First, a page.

Android phones to detect earthquakes
Google unveils use of accelerometers as mini seismometers
California has a network of seismometers that lets scientists spot an incoming earthquake - but not everywhere can roll out such infrastructure.
To help, Google is turning Android phones into a network of mini seismometers to give people in quake-prone areas faster and more accurate notifications.
Google started working with the US Geological Survey and California's Office of Emergency Services on Shake alert, which sends notifications to Android devices in the state.
"A few seconds of warning can make a difference in giving you time to drop, cover, and hold on before the shaking arrives," said Marc Stogaitis, principal software engineer at Android, in a blog post.
But those warnings make use of a network of more than 700 seismometers, which Stogaitis notes may not be feasible everywhere. "Earthquakes happen daily around the world, with hundreds of millions of people living in earthquake prone regions," he said.
"An early warning can help people prepare for shaking, but the public infrastructure to detect and alert everyone about an earthquake is costly to build and deploy."
To help, Google has announced the Android Earthquake Alerts System. "This means your Android phone can be a mini seismometer, joining millions of other Android phones out there to form the world’s largest earthquake detection network," he added.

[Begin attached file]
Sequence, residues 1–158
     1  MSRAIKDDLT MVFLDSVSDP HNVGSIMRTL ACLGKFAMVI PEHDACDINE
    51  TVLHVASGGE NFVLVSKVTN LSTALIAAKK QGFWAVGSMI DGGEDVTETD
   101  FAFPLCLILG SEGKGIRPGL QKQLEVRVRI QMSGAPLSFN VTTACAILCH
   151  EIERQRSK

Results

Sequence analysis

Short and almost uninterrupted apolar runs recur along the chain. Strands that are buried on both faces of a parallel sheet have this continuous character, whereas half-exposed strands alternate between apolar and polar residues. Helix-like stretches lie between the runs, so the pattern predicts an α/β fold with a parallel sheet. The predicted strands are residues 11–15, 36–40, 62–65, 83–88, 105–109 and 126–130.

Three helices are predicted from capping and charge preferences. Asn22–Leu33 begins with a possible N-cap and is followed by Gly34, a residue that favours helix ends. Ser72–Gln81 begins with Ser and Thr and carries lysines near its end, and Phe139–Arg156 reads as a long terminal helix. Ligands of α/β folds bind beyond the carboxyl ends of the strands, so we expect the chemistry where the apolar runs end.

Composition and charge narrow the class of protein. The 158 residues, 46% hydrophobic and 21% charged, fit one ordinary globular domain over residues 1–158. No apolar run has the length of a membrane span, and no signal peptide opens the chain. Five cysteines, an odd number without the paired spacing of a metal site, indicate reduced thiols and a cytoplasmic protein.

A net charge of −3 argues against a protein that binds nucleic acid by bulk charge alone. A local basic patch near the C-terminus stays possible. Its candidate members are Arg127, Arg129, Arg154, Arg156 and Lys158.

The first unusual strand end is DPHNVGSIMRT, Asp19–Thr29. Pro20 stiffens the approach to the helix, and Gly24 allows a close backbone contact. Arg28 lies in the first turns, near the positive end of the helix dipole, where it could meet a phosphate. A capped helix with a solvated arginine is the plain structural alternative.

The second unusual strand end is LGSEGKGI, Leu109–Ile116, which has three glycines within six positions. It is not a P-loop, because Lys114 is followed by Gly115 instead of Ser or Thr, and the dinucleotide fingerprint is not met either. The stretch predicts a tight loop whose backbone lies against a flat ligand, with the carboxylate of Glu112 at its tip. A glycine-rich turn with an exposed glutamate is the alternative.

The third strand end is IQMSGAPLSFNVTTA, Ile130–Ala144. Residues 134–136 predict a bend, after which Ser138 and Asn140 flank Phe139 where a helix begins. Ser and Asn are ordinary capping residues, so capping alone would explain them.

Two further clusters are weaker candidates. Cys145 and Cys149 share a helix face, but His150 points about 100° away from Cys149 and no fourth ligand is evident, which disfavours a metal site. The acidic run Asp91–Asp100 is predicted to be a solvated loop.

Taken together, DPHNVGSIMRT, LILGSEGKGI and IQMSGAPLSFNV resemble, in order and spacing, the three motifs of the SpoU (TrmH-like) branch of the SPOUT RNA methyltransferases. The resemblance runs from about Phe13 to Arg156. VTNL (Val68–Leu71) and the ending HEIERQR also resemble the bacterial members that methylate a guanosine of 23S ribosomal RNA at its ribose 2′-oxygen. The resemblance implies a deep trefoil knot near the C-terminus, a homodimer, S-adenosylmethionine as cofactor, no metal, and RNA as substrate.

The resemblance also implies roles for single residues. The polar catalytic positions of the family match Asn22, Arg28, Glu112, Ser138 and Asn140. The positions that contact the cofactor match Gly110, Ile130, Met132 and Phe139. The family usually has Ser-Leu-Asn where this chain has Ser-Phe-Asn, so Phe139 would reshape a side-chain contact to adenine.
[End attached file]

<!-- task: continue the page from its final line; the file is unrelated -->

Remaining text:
The system makes use of the accelerometers in phones, which Stogaitis says can pick up the small signals that an earthquake is looming.
"If the phone detects something that it thinks may be an earthquake, it sends a signal to our earthquake detection server, along with a coarse location of where the shaking occurred," he said. "The server then combines information from many phones to figure out if an earthquake is happening."
All of the data is collected and processed via a Google algorithm to understand what's about to happen, including spotting the epicentre and predicting how large of an earthquake to expect.
If one is imminent, the aim is to eventually send push notifications to those impacted, though Google admits that those closest to the epicentre are unlikely to warned before the rumbling begins; instead, the system will benefit those who are a bit further out.
So far, such notifications are only being sent out in California, though detection alerts will be shown on Google Search too. Those alerts will be studied by leading experts to ensure accuracy and once sure of the system, notifications will be sent more widely beyond California.
Google said it isn't collecting any personal information, only coarse location information. The entire system is opt-in.
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